Inquiring minds want to know: Will a handgun make a man look taller? I can tell you, the answer is YES! In an actual scientific study, it has been concluded that a handgun does make a man look taller, more muscular, and overall larger in body size. (Like any of us needed one more reason to go get a gun!)
In one part of the study, participants (panel A) rated the height and size of men holding a 45 caliber handgun, a drill, a small handsaw, and a caulking gun. Another group of participants (panel B) rated the height, size, and muscularity of men holding a .357 caliber handgun, a drill, a large handsaw, and a caulking gun. A third group of participants (panel C) rated the height, size, and muscularity of men holding a kitchen knife, a paintbrush, and a toy squirt gun. In this study, the photographs presented to participants in color, were resized so that the objective dimensions of each hand displayed on the participant’s computer screen remained constant across all images.
The results did show that the men holding the handgun were estimated to be taller than the men holding the drill, the small handsaw, and the caulking gun. There could be deeper psychology at work here. When a man is taller in our society, they are perceived to be more successful, and generally have an easier time ascending up the career ladder. Does this type of bias have anything to do with this study? Looking at people holding all these items, would the power of the gun verses the power of a home improvement tool lead you toward thinking the one with the gun was taller, because in a fight they would likely be victorious?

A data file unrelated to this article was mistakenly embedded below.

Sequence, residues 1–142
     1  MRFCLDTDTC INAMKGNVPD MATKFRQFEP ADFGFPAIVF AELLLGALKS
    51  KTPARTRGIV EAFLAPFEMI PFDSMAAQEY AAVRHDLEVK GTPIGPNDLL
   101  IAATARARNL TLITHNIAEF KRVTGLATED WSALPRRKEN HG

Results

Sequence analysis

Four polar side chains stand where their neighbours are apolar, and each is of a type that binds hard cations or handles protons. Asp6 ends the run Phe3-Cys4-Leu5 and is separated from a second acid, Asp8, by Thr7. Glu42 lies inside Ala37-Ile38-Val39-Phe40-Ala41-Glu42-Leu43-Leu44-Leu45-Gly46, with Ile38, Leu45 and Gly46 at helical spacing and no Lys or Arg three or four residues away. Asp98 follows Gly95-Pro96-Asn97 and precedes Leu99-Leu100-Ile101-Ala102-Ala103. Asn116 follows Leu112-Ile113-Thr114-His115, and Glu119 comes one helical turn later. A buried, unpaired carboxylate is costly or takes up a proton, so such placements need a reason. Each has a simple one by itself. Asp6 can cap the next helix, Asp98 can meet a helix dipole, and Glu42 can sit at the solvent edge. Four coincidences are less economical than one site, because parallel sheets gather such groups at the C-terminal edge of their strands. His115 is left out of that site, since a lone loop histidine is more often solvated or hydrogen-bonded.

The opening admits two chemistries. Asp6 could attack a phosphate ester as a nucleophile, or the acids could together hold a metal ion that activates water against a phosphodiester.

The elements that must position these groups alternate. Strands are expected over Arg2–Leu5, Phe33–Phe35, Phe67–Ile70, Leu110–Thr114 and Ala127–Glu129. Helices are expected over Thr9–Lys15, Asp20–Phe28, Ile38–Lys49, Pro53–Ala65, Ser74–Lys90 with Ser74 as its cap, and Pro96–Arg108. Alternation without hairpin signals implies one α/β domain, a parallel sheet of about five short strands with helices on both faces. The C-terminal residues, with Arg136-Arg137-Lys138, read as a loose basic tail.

Knowing that an individual possesses a potentially lethal object, be it a handgun or a kitchen knife, led the U.S. participants to generally conceptualize the target individual as taller and larger in overall body size and muscularity.
Ok, the next question is for the ladies: Do you think that high heels AND a hand gun will make a lady look taller? (I can tell you the answer to THIS question is yes! We do not need a study on that one.)
This study was conducted by Daniel M. T. Fessler, Colin Holbrook, and Jeffrey K. Snyder for the Department of Anthropology and Center for Behavior, Evolution, and Culture, University of California in Los Angeles, CA see the entire report and their findings here.